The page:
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God Is Not Colorblind

Back in February of 1976 President Ford officially recognized Black History month, and it has been celebrated in the United States every February since. I will confess that until just a few years ago, I never really paid a lot of attention to the annual celebration. That has increasingly changed for me as my two boys have grown older.

It used to be that I would say I was “colorblind” and that I didn’t see racism and discrimination within our community. But as my boys have gotten older, I have seen them experience this firsthand and navigate some unfortunate, and downright sad, comments and situations. Seeing this reality has caused me to reflect, to take a posture of learning, and ultimately, to see things from a different light than I ever had.

A few years ago, I was in a meeting to discuss race relations with a number of area pastors. During the discussion one pastor made the comment that “God was colorblind” and that “love sees no color.” It was at that moment that Dr. Don Davis, Executive Director of TUMI (The Urban Ministry Institute) and longtime friend of Hope, kindly and gently interjected that he disagreed. I started taking notes as Dr. Davis said something like this:

When someone communicates to a person of another ethnicity, “I don’t see color,” they might as well be saying, “I don’t see that part of you that is integral to you and your culture, your family history, your life experience, and your personal identity.” Whether intended or not, this is the equivalent of saying, “I don’t see you.”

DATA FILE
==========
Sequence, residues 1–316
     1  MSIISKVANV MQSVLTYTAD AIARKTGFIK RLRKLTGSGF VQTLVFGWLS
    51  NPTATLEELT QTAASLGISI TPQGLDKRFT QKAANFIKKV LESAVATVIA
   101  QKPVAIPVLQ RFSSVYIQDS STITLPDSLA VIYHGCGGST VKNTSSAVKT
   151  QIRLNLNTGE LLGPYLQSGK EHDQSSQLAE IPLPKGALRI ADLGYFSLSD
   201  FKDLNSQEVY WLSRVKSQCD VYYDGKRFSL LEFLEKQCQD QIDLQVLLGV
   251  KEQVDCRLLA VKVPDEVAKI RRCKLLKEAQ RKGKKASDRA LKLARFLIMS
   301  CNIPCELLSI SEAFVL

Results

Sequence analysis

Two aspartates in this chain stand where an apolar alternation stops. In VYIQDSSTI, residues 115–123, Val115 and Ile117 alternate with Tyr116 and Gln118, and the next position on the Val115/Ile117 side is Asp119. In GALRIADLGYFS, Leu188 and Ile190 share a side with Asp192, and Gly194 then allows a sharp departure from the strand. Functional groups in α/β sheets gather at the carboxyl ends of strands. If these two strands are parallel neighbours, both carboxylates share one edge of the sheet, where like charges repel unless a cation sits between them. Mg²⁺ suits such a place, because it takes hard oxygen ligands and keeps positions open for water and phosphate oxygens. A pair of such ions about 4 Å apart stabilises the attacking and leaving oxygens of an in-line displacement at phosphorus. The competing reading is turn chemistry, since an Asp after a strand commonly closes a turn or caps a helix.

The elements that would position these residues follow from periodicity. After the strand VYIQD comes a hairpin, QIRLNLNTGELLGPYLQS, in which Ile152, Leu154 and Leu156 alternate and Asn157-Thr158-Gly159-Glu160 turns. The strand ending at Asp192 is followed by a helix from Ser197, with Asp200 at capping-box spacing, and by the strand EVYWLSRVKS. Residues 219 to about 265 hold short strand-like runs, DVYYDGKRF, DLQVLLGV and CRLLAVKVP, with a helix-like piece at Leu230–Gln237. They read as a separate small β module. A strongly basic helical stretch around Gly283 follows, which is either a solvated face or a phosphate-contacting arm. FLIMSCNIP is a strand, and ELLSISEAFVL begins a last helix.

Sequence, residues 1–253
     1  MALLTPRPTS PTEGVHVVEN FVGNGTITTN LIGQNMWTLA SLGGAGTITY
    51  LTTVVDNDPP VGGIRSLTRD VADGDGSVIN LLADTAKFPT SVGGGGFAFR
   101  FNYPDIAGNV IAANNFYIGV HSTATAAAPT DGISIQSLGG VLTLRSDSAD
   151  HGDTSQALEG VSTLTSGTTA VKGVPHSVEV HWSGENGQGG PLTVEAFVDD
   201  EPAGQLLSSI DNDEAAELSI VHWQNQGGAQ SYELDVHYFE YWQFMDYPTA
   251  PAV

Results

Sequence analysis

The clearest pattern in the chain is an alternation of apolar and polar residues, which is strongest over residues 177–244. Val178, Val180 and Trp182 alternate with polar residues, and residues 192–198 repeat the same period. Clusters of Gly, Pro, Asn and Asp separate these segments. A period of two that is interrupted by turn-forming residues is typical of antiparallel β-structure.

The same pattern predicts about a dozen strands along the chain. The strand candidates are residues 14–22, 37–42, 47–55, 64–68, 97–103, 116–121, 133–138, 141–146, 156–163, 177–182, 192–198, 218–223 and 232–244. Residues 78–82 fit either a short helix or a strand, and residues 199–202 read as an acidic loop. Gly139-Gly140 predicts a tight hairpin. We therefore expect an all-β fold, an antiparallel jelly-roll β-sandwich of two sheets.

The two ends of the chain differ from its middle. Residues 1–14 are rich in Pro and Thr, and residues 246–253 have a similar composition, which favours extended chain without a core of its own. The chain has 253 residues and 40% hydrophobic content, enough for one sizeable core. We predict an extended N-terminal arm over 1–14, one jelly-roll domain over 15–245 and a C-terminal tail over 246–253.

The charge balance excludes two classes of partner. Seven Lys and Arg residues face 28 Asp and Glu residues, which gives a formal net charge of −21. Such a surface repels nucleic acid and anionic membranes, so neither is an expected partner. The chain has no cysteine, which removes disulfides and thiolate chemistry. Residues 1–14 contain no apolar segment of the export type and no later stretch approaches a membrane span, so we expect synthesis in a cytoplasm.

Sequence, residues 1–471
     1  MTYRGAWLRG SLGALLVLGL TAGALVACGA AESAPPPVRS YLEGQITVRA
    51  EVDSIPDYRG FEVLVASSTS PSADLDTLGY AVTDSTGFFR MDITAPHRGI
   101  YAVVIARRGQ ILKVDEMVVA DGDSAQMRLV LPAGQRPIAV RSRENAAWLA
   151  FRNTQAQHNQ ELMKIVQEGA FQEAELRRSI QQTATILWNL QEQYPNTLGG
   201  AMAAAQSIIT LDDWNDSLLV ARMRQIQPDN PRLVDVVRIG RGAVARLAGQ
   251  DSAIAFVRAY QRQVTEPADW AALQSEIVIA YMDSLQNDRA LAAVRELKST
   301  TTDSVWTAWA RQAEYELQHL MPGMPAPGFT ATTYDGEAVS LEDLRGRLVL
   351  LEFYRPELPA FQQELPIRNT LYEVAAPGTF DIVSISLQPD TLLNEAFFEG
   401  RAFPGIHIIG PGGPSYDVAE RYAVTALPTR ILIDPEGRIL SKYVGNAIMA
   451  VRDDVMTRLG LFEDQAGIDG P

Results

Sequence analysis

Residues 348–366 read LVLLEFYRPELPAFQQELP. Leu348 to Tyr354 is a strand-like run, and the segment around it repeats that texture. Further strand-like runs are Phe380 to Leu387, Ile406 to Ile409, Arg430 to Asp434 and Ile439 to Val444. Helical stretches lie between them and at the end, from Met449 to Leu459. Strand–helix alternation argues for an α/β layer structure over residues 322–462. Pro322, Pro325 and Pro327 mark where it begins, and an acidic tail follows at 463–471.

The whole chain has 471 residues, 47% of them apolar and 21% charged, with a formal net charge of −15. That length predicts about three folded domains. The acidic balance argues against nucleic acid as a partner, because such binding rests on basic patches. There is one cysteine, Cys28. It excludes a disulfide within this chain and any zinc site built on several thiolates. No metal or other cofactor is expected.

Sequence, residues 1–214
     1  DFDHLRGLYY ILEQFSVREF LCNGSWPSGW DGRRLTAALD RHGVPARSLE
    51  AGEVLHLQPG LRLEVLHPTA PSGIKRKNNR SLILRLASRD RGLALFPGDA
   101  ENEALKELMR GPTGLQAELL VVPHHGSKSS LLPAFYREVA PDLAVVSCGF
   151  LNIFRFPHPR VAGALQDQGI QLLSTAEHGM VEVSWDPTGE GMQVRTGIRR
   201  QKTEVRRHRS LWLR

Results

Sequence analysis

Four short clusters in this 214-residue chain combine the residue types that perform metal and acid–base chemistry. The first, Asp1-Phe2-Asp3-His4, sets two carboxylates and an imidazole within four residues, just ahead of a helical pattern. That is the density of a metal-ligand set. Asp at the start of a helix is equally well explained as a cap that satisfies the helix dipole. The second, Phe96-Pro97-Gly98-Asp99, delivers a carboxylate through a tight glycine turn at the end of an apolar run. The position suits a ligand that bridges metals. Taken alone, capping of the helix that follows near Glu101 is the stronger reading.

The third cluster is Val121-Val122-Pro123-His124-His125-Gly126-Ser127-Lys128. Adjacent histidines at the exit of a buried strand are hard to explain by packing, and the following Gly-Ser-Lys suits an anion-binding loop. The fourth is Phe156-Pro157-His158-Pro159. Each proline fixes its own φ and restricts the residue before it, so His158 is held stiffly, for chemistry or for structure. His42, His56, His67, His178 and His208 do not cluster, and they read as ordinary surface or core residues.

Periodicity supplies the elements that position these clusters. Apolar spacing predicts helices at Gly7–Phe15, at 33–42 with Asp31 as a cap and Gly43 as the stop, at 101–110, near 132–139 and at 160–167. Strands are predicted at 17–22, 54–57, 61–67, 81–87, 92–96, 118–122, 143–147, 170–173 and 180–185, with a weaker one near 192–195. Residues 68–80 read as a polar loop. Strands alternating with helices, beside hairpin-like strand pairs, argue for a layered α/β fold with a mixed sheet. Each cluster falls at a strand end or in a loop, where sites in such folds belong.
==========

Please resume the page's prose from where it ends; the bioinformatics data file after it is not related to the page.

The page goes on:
If you don’t notice the differences in musical notes, you can’t hear the beauty of harmony. In the same way, if you don’t notice the differences in our ethnicities, you can’t behold the full beauty of the Gospel.

I think one of the reasons this idea of colorblindness is appealing is because we believe that unity means similarity and agreement. But it doesn’t. The heart for our unity is Jesus. Our differences don’t hinder that truth: they magnify it. We are not the same. We are different! And that’s what makes our unity in Jesus all the more glorious.

I desire to learn more from my Black friends. I desire to learn more about their history and their personal stories. And as I do, I find myself growing in appreciation for the beauty and complexity of God’s creation. We truly are better all together…a beautiful mosaic of differences that give us a clearer picture of the fullness of God and His love.

After this I looked, and there before me was a great multitude that no one could count, from every nation, tribe, people and language, standing before the throne and before the Lamb. They were wearing white robes and were holding palm branches in their hands. And they cried out in a loud voice: “Salvation belongs to our God, who sits on the throne, and to the Lamb.” (Rev. 7:9-10)